The scenario is a mainstay of science fiction: Humans engineer themselves into obsolescence, creating a vast class of unemployable people. In the optimistic scenario, we spend our time reading, painting, and enjoying each other. In the darker version, we sink into permanent poverty as the owners of the machines keep all the wealth to themselves.

Every few decades this forecast pervades conversations about the future of work, and it’s always been wrong. Automation has ruined lives — it hasn’t ruined the labor market.

We find ourselves in another era of automation anxiety right now. Futurists like Martin Ford, author of Rise of the Robots, argue that the technology in development today is fundamentally different from everything that came before and will be substantially more disruptive. Silicon Valley executives are calling for a basic minimum income to support the workers they’re certain their inventions will displace.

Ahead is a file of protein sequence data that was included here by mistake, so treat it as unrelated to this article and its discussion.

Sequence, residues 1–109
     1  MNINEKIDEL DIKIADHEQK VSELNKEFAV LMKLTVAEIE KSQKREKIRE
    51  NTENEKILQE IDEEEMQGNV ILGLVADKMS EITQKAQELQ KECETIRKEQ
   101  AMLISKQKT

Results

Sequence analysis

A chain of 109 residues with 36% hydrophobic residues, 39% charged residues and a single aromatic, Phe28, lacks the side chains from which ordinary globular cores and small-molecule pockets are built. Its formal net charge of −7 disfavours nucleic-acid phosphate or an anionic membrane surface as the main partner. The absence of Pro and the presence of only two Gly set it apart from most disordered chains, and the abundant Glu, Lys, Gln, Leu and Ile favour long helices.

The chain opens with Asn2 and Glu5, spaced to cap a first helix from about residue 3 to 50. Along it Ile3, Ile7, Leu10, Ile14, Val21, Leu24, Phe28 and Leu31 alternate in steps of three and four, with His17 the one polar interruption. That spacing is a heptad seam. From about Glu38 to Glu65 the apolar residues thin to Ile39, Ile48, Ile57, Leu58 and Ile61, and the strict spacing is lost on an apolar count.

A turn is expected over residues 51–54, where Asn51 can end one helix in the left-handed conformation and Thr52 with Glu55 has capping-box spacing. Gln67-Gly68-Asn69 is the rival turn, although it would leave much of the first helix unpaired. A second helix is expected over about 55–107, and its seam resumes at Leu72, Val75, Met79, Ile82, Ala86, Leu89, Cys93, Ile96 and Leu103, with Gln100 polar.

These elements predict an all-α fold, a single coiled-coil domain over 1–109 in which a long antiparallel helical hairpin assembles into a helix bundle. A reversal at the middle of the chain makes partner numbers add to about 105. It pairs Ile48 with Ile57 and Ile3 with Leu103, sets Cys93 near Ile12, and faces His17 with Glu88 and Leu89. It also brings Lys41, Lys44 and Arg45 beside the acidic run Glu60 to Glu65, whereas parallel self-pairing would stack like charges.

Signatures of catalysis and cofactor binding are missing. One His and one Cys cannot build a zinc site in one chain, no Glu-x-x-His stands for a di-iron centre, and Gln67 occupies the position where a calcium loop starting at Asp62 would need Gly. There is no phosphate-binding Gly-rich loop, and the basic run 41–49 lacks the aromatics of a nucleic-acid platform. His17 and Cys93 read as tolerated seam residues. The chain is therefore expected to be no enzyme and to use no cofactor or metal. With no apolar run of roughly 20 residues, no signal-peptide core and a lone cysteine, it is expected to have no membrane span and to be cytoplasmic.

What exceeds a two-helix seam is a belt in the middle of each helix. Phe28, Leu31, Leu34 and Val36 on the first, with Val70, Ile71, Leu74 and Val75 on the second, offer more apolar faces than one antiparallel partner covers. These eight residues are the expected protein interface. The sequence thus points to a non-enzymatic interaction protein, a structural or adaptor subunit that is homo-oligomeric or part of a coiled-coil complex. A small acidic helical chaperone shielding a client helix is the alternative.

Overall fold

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Published by Mike Rawson

Mike Rawson has recently re-awoken a long-standing interest in robots and our automated future. He lives in London with a single android - a temperamental vacuum cleaner - but is looking forward to getting more cyborgs soon.

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Why the rise of the robots won’t mean the end of work

by Mike Rawson time to read: 1 min
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